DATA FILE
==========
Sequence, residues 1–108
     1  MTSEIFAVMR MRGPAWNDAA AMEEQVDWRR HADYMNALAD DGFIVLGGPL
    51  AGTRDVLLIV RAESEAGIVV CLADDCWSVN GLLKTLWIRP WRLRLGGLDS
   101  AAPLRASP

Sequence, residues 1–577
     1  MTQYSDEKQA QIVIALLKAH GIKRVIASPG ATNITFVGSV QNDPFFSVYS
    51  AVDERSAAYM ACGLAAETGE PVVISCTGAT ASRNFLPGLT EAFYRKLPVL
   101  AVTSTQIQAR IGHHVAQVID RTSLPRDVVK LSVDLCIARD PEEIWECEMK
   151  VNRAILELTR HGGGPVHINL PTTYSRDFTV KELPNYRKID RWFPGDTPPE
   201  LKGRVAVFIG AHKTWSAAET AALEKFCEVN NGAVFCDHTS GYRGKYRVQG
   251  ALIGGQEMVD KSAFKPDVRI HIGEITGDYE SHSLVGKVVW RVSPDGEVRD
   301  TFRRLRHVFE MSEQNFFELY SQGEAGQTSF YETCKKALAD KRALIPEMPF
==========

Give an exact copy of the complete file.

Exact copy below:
Sequence, residues 1–108
     1  MTSEIFAVMR MRGPAWNDAA AMEEQVDWRR HADYMNALAD DGFIVLGGPL
    51  AGTRDVLLIV RAESEAGIVV CLADDCWSVN GLLKTLWIRP WRLRLGGLDS
   101  AAPLRASP

Sequence, residues 1–577
     1  MTQYSDEKQA QIVIALLKAH GIKRVIASPG ATNITFVGSV QNDPFFSVYS
    51  AVDERSAAYM ACGLAAETGE PVVISCTGAT ASRNFLPGLT EAFYRKLPVL
   101  AVTSTQIQAR IGHHVAQVID RTSLPRDVVK LSVDLCIARD PEEIWECEMK
   151  VNRAILELTR HGGGPVHINL PTTYSRDFTV KELPNYRKID RWFPGDTPPE
   201  LKGRVAVFIG AHKTWSAAET AALEKFCEVN NGAVFCDHTS GYRGKYRVQG
   251  ALIGGQEMVD KSAFKPDVRI HIGEITGDYE SHSLVGKVVW RVSPDGEVRD
   301  TFRRLRHVFE MSEQNFFELY SQGEAGQTSF YETCKKALAD KRALIPEMPF